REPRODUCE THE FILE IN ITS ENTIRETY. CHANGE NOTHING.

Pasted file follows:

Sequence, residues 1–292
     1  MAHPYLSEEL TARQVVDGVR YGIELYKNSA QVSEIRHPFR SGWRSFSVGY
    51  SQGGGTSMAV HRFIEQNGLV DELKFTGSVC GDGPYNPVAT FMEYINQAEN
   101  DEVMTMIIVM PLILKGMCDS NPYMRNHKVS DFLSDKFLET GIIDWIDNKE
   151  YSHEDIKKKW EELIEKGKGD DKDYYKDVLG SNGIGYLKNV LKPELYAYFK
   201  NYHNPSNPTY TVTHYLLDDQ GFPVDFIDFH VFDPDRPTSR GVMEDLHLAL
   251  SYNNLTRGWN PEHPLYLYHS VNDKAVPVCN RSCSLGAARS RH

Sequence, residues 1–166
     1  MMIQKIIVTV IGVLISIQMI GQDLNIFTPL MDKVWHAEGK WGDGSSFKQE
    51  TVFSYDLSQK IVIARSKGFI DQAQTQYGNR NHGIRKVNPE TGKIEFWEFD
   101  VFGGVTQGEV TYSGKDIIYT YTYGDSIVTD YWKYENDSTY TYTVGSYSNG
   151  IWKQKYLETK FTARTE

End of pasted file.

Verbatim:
Sequence, residues 1–292
     1  MAHPYLSEEL TARQVVDGVR YGIELYKNSA QVSEIRHPFR SGWRSFSVGY
    51  SQGGGTSMAV HRFIEQNGLV DELKFTGSVC GDGPYNPVAT FMEYINQAEN
   101  DEVMTMIIVM PLILKGMCDS NPYMRNHKVS DFLSDKFLET GIIDWIDNKE
   151  YSHEDIKKKW EELIEKGKGD DKDYYKDVLG SNGIGYLKNV LKPELYAYFK
   201  NYHNPSNPTY TVTHYLLDDQ GFPVDFIDFH VFDPDRPTSR GVMEDLHLAL
   251  SYNNLTRGWN PEHPLYLYHS VNDKAVPVCN RSCSLGAARS RH

Sequence, residues 1–166
     1  MMIQKIIVTV IGVLISIQMI GQDLNIFTPL MDKVWHAEGK WGDGSSFKQE
    51  TVFSYDLSQK IVIARSKGFI DQAQTQYGNR NHGIRKVNPE TGKIEFWEFD
   101  VFGGVTQGEV TYSGKDIIYT YTYGDSIVTD YWKYENDSTY TYTVGSYSNG
   151  IWKQKYLETK FTARTE